Avant-Garde and Kitsch by Clement Greenberg
Avant-Garde and Kitsch
All four are on the order of culture , and ostensibly, parts of the same culture and products of the same society. Here, however, their connection seems to end. A poem by Eliot and a poem by Eddie Guest — what perspective of culture is large enough to enable us to situate them in an enlightening relation to each other? Does the fact that a disparity such as this within the frame of a single cultural tradition, which is and has been taken for granted — does this fact indicate that the disparity is a part of the natural order of things? Or is it something entirely new, and particular to our age? The answer involves more than an investigation in aesthetics.
Greenberg is writing to discern and define two relatively recent antipodes of art and culture. The avant-garde and kitsch are both products of modernism, and both have emerged concurrently, affecting each other through their opposition. Greenberg begins his essay by noting that the answer in their difference lies deeper than mere aesthetics. The avant-garde is a product of Western bourgeois culture. Outside of this moment of culture and the abundance produced by capitalist society, the avant garde would not have been possible, and bohemia would never have been established. The avant-garde came to being by emigrating from the old model of aristocratic patronage, to instead pursue art for its own sake as opposed to for funding. The avant-garde never fully detached from bourgeois society, still depending on its money.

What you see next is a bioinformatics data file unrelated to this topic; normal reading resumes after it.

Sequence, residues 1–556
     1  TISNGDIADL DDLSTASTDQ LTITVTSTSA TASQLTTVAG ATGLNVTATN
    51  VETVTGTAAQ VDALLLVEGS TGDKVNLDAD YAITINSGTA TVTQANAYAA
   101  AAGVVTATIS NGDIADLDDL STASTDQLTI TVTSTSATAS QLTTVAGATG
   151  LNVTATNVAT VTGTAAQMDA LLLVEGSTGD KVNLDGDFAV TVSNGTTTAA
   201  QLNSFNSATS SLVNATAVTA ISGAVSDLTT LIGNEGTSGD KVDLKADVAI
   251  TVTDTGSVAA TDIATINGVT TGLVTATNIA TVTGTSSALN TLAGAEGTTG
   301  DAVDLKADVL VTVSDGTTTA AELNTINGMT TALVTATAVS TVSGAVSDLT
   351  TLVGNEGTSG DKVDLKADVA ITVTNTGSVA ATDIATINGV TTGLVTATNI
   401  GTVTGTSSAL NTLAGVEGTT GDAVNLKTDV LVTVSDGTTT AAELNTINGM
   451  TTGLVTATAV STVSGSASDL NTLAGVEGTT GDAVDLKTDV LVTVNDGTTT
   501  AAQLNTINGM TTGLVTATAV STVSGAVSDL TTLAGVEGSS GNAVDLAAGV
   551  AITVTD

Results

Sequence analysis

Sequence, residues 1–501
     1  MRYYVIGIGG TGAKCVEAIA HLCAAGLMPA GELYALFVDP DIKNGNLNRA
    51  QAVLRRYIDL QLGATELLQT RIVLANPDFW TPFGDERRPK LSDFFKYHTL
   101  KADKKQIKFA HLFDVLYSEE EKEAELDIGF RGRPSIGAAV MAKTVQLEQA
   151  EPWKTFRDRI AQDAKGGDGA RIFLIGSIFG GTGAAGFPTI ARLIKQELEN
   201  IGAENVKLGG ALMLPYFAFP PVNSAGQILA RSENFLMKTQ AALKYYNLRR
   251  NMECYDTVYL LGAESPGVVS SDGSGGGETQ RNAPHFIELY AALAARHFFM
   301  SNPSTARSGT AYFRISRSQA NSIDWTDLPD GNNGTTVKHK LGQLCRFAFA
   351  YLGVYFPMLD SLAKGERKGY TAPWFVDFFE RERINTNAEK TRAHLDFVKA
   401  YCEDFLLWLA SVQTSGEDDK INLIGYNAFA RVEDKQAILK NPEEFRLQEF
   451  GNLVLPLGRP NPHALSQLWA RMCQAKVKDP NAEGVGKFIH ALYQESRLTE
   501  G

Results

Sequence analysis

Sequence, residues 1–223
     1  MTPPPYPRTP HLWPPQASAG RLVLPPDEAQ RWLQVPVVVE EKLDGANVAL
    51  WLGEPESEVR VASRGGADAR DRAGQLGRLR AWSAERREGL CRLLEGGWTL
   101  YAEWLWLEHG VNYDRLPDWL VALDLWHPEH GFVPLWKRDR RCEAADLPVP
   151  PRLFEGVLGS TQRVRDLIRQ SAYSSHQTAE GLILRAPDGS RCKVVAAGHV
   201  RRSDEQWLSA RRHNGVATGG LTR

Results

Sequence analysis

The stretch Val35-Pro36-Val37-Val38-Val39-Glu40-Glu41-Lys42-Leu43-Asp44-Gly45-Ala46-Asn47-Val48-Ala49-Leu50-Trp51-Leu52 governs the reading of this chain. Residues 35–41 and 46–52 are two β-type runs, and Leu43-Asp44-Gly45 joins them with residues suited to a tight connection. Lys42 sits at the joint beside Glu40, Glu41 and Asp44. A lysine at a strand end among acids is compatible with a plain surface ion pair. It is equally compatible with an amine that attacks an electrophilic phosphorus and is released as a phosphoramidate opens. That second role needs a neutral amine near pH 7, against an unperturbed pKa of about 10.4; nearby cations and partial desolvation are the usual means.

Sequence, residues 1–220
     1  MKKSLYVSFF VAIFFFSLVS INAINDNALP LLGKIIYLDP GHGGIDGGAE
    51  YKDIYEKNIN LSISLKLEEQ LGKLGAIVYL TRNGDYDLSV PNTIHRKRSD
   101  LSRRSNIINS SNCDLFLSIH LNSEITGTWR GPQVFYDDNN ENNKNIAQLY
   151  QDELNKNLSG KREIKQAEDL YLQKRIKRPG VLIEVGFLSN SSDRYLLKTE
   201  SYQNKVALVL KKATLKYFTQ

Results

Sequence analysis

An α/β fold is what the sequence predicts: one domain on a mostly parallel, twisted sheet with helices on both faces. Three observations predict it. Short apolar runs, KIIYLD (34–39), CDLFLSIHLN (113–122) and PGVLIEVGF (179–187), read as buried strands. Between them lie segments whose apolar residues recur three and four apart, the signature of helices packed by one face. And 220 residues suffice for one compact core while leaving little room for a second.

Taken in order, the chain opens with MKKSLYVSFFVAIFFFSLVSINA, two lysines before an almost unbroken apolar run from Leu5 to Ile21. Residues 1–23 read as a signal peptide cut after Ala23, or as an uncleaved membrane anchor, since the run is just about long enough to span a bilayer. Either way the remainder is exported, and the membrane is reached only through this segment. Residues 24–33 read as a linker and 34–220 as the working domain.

In "Avant-Garde and Kitsch", Greenberg defends the view that there is such a thing as "high art" distinct from "low" or popular art. Furthermore, he makes his case based on certain social, historical and political assumptions and empirical observations. He takes a formalist position, to be sure, but attempts to justify his position by appeal to a broader social context -- broader than just the artworld or the technical achievements of individual artists. Structure of the Analysis [ 2 ]. Greenberg argues that we need to distinguish and understand. The Historical Emergence of the Avant-Garde. When tradition is challenged in a society, the artistic response has historically been to ossify by means of "academicism" the fine points of style and form, theme and variation.